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Tezos Baking Service

The Tezos Baking Service allows you to bake your Tez while keeping custody of your assets.

Operations are signed either:

  • with a Ledger and Remote Signer (we can ship!)
  • with a Cloud KMS Remote Signer.

Contact us to start baking!

Initial baker setup

Prerequisites for secure baking are two Ledger Nano S plus:

  • one that is active all the time, signing baking and endorsing operations
  • one used for occasionally transfering funds and voting for protocol amendments, otherwise remaining offline

These Ledgers should be used exclusively for Tezos baking. Do not install other apps, and transfer any other cryptocurrency onto them.

Setting up Ledgers

Upgrade both Ledgers with the most recent firmware available.

Initialize the first Ledger with a new key. Write down the secret seed as prescribed by the documentation. Do not take a picture of it, keep it offline.

On the first Ledger, install the tezos baker app. Do not install any other app.

Initialize the second Ledger with the secret seed that you wrote down from the first Ledger.

The second Ledger is now a clone of the first. It contains the same keys.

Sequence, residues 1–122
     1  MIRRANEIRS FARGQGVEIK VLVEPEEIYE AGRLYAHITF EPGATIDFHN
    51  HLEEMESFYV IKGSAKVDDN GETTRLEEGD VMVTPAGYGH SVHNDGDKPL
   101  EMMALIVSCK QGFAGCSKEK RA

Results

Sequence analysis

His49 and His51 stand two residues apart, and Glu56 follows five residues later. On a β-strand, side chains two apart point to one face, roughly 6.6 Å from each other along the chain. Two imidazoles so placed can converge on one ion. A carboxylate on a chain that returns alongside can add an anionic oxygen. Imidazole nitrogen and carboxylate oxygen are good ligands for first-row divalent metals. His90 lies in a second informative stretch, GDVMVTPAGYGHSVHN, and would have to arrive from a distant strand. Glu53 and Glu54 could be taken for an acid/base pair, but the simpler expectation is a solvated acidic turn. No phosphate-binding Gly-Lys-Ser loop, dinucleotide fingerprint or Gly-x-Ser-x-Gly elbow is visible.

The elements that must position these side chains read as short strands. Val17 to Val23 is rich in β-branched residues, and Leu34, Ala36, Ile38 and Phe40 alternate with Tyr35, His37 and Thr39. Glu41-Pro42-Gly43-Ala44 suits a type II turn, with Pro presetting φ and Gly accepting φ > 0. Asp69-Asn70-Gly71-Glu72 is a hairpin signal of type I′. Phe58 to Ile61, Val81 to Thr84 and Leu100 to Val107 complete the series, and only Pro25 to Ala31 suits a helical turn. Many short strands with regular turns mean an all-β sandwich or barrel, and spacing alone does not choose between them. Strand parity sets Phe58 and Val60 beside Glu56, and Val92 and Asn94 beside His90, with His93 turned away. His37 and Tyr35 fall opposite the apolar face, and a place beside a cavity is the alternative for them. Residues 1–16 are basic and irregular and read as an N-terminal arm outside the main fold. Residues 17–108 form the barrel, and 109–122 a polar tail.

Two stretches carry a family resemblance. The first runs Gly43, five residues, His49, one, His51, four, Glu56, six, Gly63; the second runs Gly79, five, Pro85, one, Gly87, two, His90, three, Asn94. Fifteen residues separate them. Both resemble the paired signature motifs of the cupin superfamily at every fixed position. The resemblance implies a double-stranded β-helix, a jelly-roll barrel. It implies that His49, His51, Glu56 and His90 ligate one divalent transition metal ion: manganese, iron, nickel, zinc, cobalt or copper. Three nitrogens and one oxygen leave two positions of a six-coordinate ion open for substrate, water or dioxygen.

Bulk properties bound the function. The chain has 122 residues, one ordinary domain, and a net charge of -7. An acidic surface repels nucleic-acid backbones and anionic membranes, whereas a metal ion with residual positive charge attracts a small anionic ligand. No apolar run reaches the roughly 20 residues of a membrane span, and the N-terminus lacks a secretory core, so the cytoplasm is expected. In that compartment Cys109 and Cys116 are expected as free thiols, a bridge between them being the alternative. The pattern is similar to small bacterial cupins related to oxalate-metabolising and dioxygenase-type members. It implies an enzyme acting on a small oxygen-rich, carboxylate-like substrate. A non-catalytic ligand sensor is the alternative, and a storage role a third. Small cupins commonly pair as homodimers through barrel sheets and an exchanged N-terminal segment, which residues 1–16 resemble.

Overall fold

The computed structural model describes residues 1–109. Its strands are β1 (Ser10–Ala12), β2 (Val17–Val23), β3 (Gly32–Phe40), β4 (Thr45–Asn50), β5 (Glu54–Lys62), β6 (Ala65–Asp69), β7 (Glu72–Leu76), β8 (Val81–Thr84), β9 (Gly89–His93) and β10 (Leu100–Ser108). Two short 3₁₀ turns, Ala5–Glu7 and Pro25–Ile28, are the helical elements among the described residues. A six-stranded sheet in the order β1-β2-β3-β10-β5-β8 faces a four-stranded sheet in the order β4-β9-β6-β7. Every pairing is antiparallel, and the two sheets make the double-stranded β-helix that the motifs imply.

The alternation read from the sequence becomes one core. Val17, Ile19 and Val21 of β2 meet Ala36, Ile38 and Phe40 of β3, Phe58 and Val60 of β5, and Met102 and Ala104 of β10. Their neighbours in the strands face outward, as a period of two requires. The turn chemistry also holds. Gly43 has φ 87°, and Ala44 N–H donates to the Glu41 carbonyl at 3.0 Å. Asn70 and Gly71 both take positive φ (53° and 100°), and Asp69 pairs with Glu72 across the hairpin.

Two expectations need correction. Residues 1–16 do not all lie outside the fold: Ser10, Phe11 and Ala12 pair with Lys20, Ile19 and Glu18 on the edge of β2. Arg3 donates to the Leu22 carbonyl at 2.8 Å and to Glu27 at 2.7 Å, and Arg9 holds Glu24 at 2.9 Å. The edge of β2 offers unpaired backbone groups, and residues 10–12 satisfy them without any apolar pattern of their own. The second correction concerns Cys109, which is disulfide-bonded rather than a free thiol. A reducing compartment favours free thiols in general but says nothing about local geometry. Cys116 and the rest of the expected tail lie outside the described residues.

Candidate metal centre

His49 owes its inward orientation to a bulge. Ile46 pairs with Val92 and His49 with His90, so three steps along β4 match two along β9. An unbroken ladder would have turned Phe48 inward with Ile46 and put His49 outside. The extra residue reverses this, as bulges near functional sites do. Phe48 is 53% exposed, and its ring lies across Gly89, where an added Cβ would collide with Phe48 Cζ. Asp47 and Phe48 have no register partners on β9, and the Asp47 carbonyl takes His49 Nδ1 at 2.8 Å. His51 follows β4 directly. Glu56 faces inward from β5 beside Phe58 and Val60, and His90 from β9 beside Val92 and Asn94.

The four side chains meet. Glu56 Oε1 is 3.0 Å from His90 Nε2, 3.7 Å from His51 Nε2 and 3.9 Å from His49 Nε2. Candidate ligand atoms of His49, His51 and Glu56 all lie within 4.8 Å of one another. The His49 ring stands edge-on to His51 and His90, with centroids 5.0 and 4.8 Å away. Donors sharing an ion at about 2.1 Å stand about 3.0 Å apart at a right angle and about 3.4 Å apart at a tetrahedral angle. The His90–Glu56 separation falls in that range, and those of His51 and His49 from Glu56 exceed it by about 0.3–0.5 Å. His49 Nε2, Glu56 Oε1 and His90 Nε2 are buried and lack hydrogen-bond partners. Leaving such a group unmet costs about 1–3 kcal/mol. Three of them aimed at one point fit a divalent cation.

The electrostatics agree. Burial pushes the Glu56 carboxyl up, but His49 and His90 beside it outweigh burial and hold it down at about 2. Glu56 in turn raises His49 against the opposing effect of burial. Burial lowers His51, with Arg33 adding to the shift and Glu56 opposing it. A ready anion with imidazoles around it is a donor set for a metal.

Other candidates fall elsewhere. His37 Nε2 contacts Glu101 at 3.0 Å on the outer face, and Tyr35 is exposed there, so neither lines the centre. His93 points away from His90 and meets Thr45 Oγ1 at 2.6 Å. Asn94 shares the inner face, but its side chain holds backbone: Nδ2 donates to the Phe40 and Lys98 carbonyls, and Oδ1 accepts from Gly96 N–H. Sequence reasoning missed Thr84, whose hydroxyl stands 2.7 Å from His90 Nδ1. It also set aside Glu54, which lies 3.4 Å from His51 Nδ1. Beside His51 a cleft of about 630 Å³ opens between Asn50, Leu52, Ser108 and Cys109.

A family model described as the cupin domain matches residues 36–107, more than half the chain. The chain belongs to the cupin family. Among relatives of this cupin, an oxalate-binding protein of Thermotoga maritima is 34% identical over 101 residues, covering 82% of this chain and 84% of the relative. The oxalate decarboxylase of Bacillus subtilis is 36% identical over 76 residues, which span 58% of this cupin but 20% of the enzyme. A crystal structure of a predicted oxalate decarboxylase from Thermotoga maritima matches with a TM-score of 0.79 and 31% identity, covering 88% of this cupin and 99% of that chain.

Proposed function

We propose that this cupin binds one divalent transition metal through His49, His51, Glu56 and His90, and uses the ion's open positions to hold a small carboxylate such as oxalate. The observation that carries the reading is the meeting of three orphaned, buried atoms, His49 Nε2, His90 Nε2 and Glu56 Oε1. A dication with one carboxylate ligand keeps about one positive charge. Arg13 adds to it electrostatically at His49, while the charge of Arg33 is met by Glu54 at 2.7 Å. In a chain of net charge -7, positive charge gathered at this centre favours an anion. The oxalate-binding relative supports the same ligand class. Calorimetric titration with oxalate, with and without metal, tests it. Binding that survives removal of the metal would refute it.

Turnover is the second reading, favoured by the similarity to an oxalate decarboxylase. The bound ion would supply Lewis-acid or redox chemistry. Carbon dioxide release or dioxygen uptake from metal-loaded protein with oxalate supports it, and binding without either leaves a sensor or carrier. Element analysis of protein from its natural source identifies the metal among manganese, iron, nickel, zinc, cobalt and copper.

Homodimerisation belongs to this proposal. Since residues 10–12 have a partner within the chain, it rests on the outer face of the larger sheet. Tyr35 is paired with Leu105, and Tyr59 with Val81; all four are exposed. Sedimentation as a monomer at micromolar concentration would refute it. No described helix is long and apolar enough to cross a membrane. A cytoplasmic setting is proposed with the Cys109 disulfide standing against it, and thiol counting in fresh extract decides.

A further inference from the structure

On the second Ledger, install the tezos app. Do not install any other app.

Label Ledgers, ideally with printed labels ("My Tezos Baker Signer" / "My Tezos Baker Offline")

NOTE: you may set up the second Ledger later, as it is not necessary to kick off the baking operations

Get the Ledger mnemonic

To follow the instructions below, you will need to install the Tezos Command Line Interface. Follow instructions from Tezos documentation.

Note that it is not needed to synchronize the blockchain.

With the Ledger unlocked and the Tezos App open, issue the command octez-client list connected ledgers.

The Ledger URL including the four-animal-word mnemonic will be displayed, together with commands inviting you to import the key.

There are several cryptographic schemes to choose from. We will be using ed25519.

Choose a derivation path

Ledger has the concept of derivation path - instead of just one address, the device stores multiple addresses. They are related to them by a derivation path, but they are undistinguishable by looking at the public key.